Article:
Jan asked me last week why I never make chicken wings. As is usually the case, at some point in the past she told me that she did not like them. As is also the case, she completely denies ever having said that or that she did not want them that day. Eilene prefers legs to wings, so I threw in some of those as well.
Note: I had intended to post this last Monday, however, life got in the way. Jan has promised her publisher to finish her next book this Summer and we all got roped into working on her transcripts—ten 1 to 3 hours long interviews on life in Silicon Valley. I can’t believe we did the whole thing—if any of you are in need of transcription services, I can highly recommend Rev—we sent them an half hour audio tape and got a near perfect transcription back in under an hour.
I am not particularly fond of “hot wings,” but there are many other options. As a start, I decided to marinate the chicken in Irish whiskey. Looking at various recipes on-line, I did not find any whiskey-based sauces that really grabbed me—many called for massive amounts of sugar or honey. For others, I felt, the problem was that the seasoning did not seem to pair well with the whiskey. If I was going to use good Irish whiskey in this recipe, I wanted the other ingredients to complement—not bury—its flavor.
Looking at Irish whiskey cocktail recipes, I found one that used ginger. That sounded like it might be nice and cinnamon complements ginger. Hints of onion, pepper, and honey would also go well, but not so much as to bury the whiskey flavor. Finally, a touch of soy sauce for the umami. As an after-though, I decided that a bit of apple wood smoke would work well with this combination of flavors.
Note: To round out my dinner I made potato salad, barbecued corn, and sautéed red radishs and greens.
After Dinner Note: These wings were very popular. Jan thought it was the best chicken she had ever had. Everyone else couldn’t talk, because their mouths were full.
Karl’s Apple Wood Smoked Irish Whiskey Chicken Wings and Legs
½ cup Jameson’s Irish Whiskey
2 Tbs. honey, Turkish
2 Tbs. soy sauce
1 Tbs. dark soy sauce
1 Tbs. fresh ginger, grated
1 Tbs. ground ginger
1 Tbs. yellow onion, grated
2 tsp. Kosher salt
1 tsp. black pepper, cracked
4 lb. chicken wings, first joint removed
2 lb. chicken legs
2 Tbs. cornstarch mixed with ¼ cup water
Apple wood chips
1. Mix the marinade ingredients in a medium bowl.
2. Put the chicken pieces in a gallon plastic bag and pour the marinade over the chicken.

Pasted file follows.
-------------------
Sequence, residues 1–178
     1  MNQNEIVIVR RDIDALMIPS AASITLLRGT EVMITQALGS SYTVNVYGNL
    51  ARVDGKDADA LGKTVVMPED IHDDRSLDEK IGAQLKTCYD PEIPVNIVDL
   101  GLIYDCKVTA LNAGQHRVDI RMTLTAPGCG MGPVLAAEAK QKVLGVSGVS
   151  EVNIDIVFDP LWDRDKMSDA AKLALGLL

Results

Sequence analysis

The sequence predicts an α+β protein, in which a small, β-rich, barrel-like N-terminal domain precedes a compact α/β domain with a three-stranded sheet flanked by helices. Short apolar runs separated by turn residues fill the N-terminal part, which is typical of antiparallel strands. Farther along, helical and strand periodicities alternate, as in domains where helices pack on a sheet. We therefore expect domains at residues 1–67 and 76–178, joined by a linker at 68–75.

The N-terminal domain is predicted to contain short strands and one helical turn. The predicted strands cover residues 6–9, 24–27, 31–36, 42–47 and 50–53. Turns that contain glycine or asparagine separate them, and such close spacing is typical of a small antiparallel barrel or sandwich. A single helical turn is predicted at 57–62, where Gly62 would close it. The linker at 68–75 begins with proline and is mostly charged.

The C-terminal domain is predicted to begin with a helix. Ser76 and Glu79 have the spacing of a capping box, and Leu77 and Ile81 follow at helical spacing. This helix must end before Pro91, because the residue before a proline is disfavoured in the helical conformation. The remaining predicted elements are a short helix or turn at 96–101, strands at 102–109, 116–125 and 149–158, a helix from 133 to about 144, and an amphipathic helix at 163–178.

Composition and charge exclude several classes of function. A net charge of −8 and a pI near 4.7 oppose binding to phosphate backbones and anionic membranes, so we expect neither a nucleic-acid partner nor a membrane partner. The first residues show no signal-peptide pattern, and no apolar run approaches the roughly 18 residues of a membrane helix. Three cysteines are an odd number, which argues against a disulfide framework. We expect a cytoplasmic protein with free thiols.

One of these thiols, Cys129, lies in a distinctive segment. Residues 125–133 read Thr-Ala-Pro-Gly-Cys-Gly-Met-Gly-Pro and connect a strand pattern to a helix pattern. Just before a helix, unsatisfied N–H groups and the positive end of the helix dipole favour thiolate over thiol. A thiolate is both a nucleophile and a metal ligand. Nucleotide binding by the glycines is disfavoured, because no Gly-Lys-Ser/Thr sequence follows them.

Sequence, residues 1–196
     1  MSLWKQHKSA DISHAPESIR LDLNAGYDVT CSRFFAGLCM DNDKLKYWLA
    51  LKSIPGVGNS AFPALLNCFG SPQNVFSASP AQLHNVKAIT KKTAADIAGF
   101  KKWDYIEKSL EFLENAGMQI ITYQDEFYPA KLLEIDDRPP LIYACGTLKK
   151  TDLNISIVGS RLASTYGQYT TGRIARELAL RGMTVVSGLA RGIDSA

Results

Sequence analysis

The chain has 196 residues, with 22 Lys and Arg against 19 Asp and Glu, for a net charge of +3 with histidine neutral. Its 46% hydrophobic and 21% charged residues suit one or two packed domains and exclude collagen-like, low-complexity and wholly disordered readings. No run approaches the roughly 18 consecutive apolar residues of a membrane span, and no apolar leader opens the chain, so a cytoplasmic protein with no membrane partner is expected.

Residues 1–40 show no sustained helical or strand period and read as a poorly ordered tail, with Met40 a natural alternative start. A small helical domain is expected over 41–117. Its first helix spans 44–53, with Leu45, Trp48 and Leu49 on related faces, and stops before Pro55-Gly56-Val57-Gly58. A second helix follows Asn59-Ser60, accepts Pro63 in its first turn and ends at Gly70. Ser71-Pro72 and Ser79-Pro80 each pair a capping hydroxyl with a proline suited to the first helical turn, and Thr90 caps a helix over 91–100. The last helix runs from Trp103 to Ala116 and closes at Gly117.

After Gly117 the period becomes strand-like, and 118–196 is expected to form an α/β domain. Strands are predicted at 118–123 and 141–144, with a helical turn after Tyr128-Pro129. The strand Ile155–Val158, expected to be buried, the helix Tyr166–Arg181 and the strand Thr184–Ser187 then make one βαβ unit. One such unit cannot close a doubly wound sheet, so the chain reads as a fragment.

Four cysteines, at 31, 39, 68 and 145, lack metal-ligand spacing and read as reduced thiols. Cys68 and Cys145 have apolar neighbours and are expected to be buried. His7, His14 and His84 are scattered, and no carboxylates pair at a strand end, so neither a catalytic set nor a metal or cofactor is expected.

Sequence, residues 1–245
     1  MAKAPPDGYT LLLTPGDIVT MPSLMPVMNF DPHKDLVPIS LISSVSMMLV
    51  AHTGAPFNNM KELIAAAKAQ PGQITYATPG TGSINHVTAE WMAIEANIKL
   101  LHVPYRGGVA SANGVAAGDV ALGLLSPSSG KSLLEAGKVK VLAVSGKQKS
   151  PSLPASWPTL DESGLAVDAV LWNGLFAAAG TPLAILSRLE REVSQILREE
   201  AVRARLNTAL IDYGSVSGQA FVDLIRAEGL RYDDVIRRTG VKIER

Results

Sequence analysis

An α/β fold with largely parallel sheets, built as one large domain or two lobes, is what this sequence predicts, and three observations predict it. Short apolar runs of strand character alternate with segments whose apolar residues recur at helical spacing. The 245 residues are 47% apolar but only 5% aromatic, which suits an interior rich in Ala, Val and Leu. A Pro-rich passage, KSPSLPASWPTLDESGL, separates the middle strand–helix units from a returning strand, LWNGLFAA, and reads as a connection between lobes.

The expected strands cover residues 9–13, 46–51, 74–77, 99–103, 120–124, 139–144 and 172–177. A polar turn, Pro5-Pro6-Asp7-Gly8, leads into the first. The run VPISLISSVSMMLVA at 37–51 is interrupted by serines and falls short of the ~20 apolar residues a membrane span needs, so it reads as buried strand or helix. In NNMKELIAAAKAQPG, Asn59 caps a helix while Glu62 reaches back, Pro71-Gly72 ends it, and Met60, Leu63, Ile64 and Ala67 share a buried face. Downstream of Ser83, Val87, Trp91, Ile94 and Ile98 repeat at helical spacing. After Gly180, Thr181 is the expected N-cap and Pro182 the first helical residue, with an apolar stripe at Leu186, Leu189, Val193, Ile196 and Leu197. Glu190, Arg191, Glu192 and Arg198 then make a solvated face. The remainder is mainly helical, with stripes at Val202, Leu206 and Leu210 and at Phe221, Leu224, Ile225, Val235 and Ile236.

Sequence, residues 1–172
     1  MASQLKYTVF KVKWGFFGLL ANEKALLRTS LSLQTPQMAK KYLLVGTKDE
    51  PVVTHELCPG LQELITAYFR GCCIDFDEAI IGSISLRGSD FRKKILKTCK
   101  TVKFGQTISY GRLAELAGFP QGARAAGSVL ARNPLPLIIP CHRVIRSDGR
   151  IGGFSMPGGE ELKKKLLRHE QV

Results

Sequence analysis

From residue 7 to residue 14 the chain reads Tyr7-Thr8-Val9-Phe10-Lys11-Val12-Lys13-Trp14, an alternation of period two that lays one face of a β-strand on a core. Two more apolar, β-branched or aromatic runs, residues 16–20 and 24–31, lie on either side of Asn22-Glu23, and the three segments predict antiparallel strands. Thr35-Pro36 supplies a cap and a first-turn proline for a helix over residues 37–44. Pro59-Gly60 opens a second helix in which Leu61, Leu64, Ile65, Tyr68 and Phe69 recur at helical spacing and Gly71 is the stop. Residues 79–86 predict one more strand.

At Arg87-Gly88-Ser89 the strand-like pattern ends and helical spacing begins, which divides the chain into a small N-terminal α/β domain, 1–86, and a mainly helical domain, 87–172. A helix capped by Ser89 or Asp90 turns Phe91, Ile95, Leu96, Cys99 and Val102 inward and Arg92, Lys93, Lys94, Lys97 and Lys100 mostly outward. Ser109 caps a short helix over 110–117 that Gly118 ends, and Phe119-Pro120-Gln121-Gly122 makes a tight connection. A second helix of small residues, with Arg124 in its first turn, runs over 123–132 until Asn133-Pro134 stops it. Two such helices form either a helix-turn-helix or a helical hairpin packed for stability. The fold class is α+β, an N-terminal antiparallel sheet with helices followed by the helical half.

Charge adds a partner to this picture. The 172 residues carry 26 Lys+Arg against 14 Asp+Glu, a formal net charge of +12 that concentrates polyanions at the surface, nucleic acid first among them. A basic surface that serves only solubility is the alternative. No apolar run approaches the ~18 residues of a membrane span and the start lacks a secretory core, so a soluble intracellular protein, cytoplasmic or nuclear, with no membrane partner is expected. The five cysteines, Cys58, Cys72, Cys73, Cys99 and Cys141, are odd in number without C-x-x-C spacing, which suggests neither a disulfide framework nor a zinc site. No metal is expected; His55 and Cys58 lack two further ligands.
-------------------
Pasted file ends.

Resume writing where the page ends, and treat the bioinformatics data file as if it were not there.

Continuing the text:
3. Seal the bag and massage the chicken to distribute the marinade.
4. Marinate the chicken for at least 4 hours, flipping the bag occasionally.
Tip: Overnight is better.
Note: Do not discard the marinade when you remove the chicken.
5. Remove the chicken pieces from the bag and blot dry them with paper towels.
Tip: You are not trying to wipe away the marinade. You just want to remove the excess moisture from the surface of the chicken.
Note: You want the chicken to be as dry as possible—so that it sears not steams when it hits the grill. If you have the time let the chicken air dry in the refrigerator for one hour.
6. Put the marinade in a small pot and bring it just to a boil.
Tip: This heating will cause the lipoproteins—that were released by the raw chicken—to clot. While this “scum” is edible, it would make the sauce look and feel “grainy.”
7. Pour the liquid through two layers of cheesecloth set in a sieve back into a bowl.
Tip: Twist the cheesecloth into a sealed bag and gently press as much of the sauce out of the scum as possible.
Note: Wash the pot to remove any remaining scum.
8. Return the sauce to the pot and bring it back to a simmer.
9. Stir in just enough cornstarch to thicken the sauce.
Tip: If you do not think you will have enough sauce to brush over your chicken you may add another ¼ cup of Irish whiskey.
10. Prepare your grill.
Note: If you are using charcoal, build a bi-level fire in the grill—push all of the coals to one side of your grill. If you are using gas, turn on all of your burners and heat the grill for five minutes—turn one side of the grill to its lowest gas setting when you put on the chicken. This helps the pieces that are farthest from the hot side of the grill to cook completely.
11. Oil your grating well and lay the chicken, pretty side down, on the hot side of the grill.
Tip: Close the grill lid.
Note: Chicken wings have a pretty side, the top of the wing, and a less attractive side, the underside of the wing.
12. Sear the chicken for 10 minutes.
13. Open the grill and brush the undersides of the wings with the whiskey sauce.
14. Transfer the wings to the cool side of the grill.
Tip: As you are moving the chicken, flip the wings pretty side up.
15. Brush the tops of the wings with the whiskey sauce.
Tip: Brush all of the sauce onto the wings.
Note: If you are using chicken legs, as well as wings, place them meaty side closest to the hot side of the grill.
16. Close the grill lid and continue to cook the chicken, undisturbed, for another 30-40 minutes.
Note: If you are using wood chips for smoke add them at this time.
17. Check the wings for doneness and redistribute the pieces if some are cooking unevenly.
Tip: Move the “done” pieces to the coolest side of the grill and move any pieces that are not quite done closer to the heat or even directly over the hot side of the grill.
18. Transfer the chicken to a platter and tent with aluminum foil to keep them warm.
19. Let the chicken rest for five minutes and then serve warm.